With less than a week to go before the start of the Edinburgh Festival Fringe, another report has just been published that shines a spotlight on the inequalities of the world’s biggest arts festival. But what’s fascinating about the Power Play research into gender inequalities is not just what it reveals about the fringe but how, in providing a snapshot of what happens in Edinburgh, it raises wider questions about British theatre, gender and opportunity.
The good news from the research is that women are very well represented in all creative areas on the fringe – from writing and directing to technicians and producers. They make up 60% of the creative workforce. The bad news is that, even at this level, there is a 60% earnings gap at the fringe, with women earning less than their male counterparts.
That is, of course, if they are being paid at all.
The study found that 38% of all practitioners, whatever their gender, went completely unpaid and those in the sample who did receive payment had a median income of £400 for around six weeks’ work. Power Play points out that this works out at £9.52 a day. That is less than the cost of a single ticket to most shows on the fringe.
But that is what you get in an unregulated free market, and one where young artists feel they must have a presence if they are to have careers in the theatre industry. On the one hand, the fringe offers a platform and a voice to those who might not otherwise be heard, but on the other hand, the model is strongly skewed towards those who can afford it.
There may, in some cases, also be privilege operating around those who feel that they can afford to absent themselves, because their careers are already on track or they can see clear pathways into the profession. We say that everyone has a choice about whether or not they decide to take work to Edinburgh, and indeed nobody puts a gun to anyone’s head and makes them fill in the registration form and reserve a slot in a venue. But, while some forge successful careers without ever going near the fringe, others don’t feel that they have the option to absent themselves.
Taking a show to the Edinburgh Fringe is theatre’s equivalent of buying a Friday-night Lottery ticket
Hence the story last week about Demi Nandhra, who wrote a blog about taking out a payday loan to get to Edinburgh, where she will be performing her show Life Is No Laughing Matter at Summerhall. “We all know the lucrative opportunities the fringe can offer,” she wrote.
There’s the rub. There is no other moment, or rather three weeks, in British theatre that offers such potential opportunities for young theatremakers – and is open access. Going to the fringe is theatre’s equivalent of buying a Friday-night Lottery ticket, a moment to dream. Like the Lottery, the odds aren’t good that your numbers will come up.
What the Power Play research does is raise the question: what is the value of the fringe to individual theatre careers, but also much more widely to the industry?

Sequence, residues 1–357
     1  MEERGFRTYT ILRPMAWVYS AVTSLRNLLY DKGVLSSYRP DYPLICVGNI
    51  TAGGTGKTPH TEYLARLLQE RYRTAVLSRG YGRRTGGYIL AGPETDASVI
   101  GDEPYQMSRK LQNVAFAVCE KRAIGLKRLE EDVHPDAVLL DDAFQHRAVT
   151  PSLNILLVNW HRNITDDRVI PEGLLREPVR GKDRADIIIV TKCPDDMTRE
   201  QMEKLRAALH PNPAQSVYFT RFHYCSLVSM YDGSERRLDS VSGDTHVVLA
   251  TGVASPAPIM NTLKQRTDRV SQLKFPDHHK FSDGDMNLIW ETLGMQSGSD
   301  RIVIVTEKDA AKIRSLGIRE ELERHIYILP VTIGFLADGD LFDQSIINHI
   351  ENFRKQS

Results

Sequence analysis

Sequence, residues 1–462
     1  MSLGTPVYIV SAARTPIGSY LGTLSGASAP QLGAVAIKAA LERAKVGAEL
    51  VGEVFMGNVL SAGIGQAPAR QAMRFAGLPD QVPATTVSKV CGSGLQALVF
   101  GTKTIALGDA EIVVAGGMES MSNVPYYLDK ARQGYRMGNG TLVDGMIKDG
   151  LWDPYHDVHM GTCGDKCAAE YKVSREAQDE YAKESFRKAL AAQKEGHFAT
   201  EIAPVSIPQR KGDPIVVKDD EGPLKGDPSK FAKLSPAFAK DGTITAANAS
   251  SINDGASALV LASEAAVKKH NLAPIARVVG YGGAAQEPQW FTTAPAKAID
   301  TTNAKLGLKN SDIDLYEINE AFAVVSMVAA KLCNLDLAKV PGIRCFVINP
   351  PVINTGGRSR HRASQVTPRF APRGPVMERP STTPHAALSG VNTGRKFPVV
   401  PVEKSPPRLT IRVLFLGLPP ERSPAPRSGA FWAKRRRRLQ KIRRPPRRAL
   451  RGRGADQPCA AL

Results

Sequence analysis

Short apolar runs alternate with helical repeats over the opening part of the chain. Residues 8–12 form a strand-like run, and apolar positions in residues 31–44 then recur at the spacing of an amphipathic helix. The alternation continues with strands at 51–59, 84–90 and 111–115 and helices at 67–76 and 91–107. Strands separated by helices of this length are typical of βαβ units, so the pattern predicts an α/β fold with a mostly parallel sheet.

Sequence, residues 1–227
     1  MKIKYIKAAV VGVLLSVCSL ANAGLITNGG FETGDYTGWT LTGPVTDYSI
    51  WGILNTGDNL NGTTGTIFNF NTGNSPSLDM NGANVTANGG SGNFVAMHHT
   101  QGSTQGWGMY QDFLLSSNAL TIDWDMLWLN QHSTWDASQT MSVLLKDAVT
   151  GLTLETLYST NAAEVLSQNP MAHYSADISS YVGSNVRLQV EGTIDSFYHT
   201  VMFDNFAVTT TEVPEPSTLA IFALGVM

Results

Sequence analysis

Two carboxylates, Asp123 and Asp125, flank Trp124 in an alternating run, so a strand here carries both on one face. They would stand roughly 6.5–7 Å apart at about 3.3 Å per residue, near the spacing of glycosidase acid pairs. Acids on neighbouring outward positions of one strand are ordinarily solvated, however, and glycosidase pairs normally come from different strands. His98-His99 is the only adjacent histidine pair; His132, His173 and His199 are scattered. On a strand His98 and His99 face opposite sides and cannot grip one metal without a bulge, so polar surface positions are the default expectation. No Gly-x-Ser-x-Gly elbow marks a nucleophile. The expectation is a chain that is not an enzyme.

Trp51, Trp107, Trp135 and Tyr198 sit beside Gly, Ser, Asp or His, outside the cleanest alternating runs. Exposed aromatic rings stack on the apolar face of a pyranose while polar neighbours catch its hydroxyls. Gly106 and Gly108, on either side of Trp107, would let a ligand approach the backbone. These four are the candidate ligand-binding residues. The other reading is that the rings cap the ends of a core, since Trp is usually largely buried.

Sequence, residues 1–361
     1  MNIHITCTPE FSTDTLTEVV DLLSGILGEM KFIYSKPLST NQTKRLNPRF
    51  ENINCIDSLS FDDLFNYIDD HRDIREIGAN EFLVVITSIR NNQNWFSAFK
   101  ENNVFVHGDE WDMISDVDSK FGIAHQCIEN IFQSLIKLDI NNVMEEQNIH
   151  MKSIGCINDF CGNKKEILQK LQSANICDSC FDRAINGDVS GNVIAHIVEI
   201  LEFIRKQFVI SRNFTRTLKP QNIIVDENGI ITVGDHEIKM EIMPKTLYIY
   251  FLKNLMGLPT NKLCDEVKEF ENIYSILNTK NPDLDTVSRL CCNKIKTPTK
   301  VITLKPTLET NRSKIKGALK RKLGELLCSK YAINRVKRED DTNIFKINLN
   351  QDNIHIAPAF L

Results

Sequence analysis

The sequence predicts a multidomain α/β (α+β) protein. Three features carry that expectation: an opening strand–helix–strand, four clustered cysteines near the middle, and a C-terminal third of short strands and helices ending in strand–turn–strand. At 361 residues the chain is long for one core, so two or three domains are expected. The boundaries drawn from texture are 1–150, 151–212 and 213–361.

If the fringe is a significant place where many start their careers, and where producers and programmers go each year to fill their programmes and find new talent, then does the industry bear some responsibility for the conditions in which young artists find themselves working? And how might it take steps to help improve those conditions?
Furthermore, if the fringe is so important to future careers, why is it that women (who predominate in all roles on the fringe, where there is little or no financial recompense) don’t go on to predominate in paid creative and producing and technical roles within British theatre at its top tiers?
As the budgets get bigger, why does their presence get smaller? Why do they still often find themselves less well remunerated than their male contemporaries? Earlier this year, The Stage reported that two years after the industry’s biggest employers were forced by the government to reveal their gender pay data, the situation showed minimal improvement.
One of the things other research by Tonic has demonstrated is that the volume of women working in all areas of theatre, often in more lowly paid admin roles, masks the inequalities of both power and pay that exist within arts organisations. Back in 2016, research by The Stage found that women leaders at top theatres were paid £29,000 less on average than men.
The Power Play research suggests that the unconscious biases and gaps between perception and reality around gender equality may well be already operating on the fringe and manifest themselves in the pay gap. Such gaps add to the already considerable precariousness of trying to make a career as a freelance within the theatre industry.
This summer, Power Play will undertake another survey, this time looking at race and class. That should make fascinating reading, because we still have too little research about how the culture of the fringe impacts at the intersections of race, class and gender.
Lyn Gardner is associate editor of The Stage. Read her latest column every Monday at: thestage.co.uk/columns/gardner